1931—Giuseppe Cipriani opens Harry’s Bar in Venice, attracting the world’s most celebrated clientele, including Americans who could drink liquor they could not obtain during Prohibition in the States.
1931—The Italian oceanliners Rex and Conte di Savoia join the competition for Transatlantic travel offering the finest Italian cuisine and wines.
1937—Immigrant importer Giovanni Cantisano and his wife Assunta begin putting their tomato sauce into Mason jars in Rochester, New York, and sell it under the label Ragù and sell the company to Cheeseborough Ponds in 1973 for $100 million.
1945—U.S. soldiers return from the Italian Campaign with memories of the food they ate in Italy and developed an appetite for it that gave Italian dishes a vast popularity in the post-war period.
1953—Immigrant Hector Boiardi makes his first TV commercial for his canned Chef-Boy-Ar-Dee spaghetti and the brand becomes an American family staple.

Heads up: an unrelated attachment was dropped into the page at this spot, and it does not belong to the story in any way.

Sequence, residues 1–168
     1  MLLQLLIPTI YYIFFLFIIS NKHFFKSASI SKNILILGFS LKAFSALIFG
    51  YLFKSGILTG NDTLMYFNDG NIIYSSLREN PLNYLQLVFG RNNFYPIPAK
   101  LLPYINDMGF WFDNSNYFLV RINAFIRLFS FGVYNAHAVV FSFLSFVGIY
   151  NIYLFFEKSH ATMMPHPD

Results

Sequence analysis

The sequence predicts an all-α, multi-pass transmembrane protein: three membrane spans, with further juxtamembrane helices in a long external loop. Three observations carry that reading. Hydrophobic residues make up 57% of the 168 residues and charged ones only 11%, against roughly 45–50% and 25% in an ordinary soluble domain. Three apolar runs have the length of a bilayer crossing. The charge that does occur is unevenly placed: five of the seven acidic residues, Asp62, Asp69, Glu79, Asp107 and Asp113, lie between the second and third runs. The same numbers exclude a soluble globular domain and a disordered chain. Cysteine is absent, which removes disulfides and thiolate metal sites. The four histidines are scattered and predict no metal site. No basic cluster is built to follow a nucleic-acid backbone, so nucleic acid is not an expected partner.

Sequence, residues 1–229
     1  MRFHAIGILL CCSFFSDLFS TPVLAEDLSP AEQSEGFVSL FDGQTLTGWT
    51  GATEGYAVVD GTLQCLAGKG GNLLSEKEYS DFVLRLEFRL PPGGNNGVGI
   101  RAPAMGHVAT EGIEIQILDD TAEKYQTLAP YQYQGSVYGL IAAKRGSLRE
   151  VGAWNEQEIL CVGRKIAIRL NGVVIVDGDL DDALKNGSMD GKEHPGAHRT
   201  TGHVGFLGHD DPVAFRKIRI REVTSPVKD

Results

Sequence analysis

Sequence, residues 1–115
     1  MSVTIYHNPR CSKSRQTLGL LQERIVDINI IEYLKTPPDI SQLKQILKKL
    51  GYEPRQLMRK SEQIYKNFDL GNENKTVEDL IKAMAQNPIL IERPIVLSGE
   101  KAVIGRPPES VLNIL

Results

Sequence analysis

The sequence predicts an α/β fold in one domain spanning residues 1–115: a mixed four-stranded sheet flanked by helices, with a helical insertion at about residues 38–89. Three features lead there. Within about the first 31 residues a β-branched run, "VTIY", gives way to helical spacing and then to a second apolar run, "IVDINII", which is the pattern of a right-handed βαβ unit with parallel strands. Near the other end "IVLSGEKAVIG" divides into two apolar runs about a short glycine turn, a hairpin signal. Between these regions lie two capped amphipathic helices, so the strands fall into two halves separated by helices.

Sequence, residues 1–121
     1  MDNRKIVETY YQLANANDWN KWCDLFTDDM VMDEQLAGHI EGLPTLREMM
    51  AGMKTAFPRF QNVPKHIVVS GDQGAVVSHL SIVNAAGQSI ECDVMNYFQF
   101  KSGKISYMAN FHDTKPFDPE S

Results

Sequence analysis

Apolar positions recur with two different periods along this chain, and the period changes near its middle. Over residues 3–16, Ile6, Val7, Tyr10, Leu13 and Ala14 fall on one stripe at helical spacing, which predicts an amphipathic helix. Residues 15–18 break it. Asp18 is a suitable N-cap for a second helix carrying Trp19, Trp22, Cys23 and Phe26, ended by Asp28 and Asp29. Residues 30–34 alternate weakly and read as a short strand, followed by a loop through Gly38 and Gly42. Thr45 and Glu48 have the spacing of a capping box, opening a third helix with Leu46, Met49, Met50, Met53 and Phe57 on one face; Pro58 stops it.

1950s—The postwar Italian oceanliners continue to showcase fine Italian cucina, and many of its kitchen and service staff stay in New York to work in restaurants where they become waiters and cooks.
1955—Hollywood movies about Americans in Italy, like Roman Holiday, Summertime and Three Coins in the Fountain show a postwar Italy in which food and wine are crucial romantic elements. This is only increased with the debut in 1961 of Federico Fellini’s La Dolce Vita, whose title becomes emblematic of the Italian lifestyle.
1957—Arthur Frommer published Europe on Five Dollars a Day, allowing millions of Americans to appreciate Italian hospitality and food at a basic level in cities like Rome and Naples.
1962—New York restaurateur Romeo Salta publishes Romeo Salta: The Pleasures of Italian Cooking.
1963—The Italian government raises the reputation for Italian wines under the D.O.C. and, later, D.O.C.G. appellations.
1970s—Slowly but surely first-rate Italian wines and foods, like Parmigiano-Reggiano, balsamic vinegar, extra virgin olive oil, Prosciutto di Parma and tartufi bianchi, are exported.